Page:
Enjoy Your Flood!
County Commissioner Provokes Wrath of Flood Victims
Aug. 8, 2016
Updated Aug. 9. Radack Doubles Down, Stands His Ground. Read Here.
Harris County Precinct 3 Commissioner Steve Radack has unleashed a flood of outrage by telling an audience of several hundred citizens in an area of the city heavily damaged by flooding that “some people enjoy flooding.”
The large audience at a meeting of the Cypress Coalition Thursday, Aug. 4, gasped and groaned when Radack took the podium, waved his hands, and said that “some people frankly over the years, in the years I’ve been doing this, that frankly enjoy floods about every seven years, because they want new cars, they want their homes redone.”
Only Rain Causes Flooding!
Cynthia Neely, board member of Residents Against Flooding (RAF), was at the meeting at the Metropolitan Baptist Church with RAF Chair Ed Browne. She reports that both Radack, who’s been in office for 27 years, and Mike Talbott, retiring director of the Harris County Flood Control District, blamed Mother Nature for flooding.
Why is the City Spending Our Money to Fight This Lawsuit?
Update on Residents Against Flooding
July 27, 2016
Residents in the Memorial City area, which is in the Buffalo Bayou watershed, filed a federal lawsuit last May to try to force the city to enforce stormwater detention and drainage regulations against developers not just in northwest Houston but also across the city. The suit claims, among other things, that lack of enforcement is causing flooding of their homes. The suit also names the local Tax Increment Reinvestment Zone (TIRZ 17) and its Redevelopment Authority. The TIRZ 17 collects some property taxes in the zone and decides how to spend the money, and the suit accuses the TIRZ of deliberately funneling rainwater runoff away from commercial developments and into residential areas.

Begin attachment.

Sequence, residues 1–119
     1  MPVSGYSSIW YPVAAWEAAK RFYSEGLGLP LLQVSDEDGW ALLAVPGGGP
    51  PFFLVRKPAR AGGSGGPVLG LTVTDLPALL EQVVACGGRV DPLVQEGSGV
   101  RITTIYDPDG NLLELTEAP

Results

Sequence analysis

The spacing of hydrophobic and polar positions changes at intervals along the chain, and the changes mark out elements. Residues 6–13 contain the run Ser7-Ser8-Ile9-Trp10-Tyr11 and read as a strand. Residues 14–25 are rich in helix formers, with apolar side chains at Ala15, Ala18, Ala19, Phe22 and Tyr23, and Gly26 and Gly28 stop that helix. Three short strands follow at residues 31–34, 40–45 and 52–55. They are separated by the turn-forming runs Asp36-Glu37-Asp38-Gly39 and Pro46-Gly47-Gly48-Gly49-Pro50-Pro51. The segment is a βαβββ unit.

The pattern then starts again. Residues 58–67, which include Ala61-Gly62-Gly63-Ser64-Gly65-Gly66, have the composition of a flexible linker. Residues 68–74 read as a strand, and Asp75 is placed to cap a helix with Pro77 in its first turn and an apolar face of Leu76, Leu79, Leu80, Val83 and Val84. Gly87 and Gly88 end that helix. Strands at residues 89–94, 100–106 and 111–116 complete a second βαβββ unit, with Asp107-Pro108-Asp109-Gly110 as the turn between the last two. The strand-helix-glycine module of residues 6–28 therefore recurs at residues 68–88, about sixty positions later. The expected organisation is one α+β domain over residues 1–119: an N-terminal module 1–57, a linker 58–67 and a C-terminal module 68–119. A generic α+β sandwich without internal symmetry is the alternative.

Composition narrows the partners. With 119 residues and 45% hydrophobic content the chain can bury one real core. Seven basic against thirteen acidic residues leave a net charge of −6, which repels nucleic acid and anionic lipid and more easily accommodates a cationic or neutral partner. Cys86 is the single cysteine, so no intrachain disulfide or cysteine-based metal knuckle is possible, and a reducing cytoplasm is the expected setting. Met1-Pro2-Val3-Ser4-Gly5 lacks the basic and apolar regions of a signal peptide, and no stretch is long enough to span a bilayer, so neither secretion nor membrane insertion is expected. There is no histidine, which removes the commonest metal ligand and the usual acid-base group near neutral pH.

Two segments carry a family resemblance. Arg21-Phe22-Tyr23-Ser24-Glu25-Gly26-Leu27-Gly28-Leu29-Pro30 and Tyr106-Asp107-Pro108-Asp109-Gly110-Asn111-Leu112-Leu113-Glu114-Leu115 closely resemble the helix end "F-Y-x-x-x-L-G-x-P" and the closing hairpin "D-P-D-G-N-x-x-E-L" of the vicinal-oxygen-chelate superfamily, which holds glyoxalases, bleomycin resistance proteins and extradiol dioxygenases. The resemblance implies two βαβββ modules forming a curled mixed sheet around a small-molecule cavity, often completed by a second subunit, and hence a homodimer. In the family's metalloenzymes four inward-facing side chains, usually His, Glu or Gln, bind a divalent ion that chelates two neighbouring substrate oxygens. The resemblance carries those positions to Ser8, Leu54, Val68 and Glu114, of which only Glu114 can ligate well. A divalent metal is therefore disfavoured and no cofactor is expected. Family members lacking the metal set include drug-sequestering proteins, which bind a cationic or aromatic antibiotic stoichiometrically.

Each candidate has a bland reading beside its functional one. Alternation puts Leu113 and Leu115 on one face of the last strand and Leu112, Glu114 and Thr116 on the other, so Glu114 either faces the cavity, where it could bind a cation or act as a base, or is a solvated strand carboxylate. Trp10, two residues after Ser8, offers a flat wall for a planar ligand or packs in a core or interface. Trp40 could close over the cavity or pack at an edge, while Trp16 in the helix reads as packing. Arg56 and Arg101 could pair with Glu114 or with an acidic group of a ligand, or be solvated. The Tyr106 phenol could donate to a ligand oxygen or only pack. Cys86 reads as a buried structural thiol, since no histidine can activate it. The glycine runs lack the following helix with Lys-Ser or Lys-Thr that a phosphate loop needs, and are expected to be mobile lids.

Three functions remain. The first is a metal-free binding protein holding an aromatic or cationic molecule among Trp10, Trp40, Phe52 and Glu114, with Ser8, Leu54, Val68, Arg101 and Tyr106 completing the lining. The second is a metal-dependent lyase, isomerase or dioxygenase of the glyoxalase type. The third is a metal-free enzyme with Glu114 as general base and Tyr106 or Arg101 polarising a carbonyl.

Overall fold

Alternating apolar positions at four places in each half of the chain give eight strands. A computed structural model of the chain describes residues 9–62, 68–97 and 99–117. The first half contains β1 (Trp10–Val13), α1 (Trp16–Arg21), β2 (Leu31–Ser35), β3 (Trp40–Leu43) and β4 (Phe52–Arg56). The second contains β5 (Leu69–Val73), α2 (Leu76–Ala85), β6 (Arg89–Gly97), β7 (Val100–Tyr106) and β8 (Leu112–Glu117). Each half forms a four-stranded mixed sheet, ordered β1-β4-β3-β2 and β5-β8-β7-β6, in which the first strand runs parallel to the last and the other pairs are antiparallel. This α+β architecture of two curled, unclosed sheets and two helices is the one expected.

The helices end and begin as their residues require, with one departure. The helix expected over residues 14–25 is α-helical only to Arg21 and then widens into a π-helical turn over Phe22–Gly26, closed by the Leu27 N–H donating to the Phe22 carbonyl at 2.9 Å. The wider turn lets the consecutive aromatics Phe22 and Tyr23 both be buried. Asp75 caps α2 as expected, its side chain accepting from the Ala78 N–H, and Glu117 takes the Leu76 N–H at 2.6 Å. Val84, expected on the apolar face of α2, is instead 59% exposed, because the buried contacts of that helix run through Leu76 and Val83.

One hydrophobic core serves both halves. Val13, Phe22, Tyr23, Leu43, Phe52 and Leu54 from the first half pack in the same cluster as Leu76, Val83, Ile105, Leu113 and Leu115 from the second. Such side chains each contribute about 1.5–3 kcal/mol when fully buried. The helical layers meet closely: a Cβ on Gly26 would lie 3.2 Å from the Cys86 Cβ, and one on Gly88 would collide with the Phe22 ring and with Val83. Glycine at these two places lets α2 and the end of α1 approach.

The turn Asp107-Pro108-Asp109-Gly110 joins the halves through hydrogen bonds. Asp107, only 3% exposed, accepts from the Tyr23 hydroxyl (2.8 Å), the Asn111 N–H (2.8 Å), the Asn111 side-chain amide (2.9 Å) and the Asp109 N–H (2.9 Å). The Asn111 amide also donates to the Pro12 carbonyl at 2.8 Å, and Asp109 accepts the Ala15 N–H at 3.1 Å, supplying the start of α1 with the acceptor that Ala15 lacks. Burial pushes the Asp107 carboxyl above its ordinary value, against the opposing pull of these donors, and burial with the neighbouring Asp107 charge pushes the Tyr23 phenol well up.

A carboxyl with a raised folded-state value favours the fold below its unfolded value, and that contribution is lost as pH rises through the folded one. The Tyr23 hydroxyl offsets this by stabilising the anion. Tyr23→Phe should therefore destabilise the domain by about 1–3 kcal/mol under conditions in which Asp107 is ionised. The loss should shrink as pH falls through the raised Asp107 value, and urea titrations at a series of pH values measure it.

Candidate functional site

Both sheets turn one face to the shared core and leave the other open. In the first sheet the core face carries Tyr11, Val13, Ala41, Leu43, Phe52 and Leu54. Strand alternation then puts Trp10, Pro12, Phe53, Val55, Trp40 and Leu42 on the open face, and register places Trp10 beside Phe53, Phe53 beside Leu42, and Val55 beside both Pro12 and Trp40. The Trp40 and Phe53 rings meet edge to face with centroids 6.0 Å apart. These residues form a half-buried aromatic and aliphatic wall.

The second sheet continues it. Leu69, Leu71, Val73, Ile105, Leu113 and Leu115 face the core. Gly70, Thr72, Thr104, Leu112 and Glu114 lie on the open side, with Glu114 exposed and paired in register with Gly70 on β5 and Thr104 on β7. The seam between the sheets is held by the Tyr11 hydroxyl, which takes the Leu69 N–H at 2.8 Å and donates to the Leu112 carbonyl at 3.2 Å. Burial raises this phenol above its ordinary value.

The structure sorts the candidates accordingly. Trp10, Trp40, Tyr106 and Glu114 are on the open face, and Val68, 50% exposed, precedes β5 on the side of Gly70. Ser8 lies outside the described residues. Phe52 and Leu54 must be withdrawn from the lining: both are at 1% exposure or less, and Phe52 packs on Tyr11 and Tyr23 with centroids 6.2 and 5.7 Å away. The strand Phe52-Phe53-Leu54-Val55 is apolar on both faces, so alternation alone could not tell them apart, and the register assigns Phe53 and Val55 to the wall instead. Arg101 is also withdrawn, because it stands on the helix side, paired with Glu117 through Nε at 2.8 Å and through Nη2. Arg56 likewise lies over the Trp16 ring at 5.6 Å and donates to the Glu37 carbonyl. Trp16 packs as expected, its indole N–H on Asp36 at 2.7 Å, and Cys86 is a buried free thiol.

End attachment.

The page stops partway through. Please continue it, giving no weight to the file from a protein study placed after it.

The plaintiffs are not seeking monetary damages. They request that the City and the TIRZ simply do their jobs.
Recently attorney Charles Irvine of the environmental law firm Irvine and Conner spoke at the annual meeting of Residents Against Flooding, which filed the lawsuit. He provided an update on the lawsuit in the wake of a recent Texas State Supreme Court ruling against a similar lawsuit filed by homeowners in the White Oak Bayou watershed.
Watch Irvine speak to the meeting in this 17-minute video. Among other things, he points out that the City could avoid litigation, and he questions who in the City is approving development plans without the required slowing and catching of stormwater runoff that results from increased impervious surface such as parking lots, apartment complexes, and shopping malls.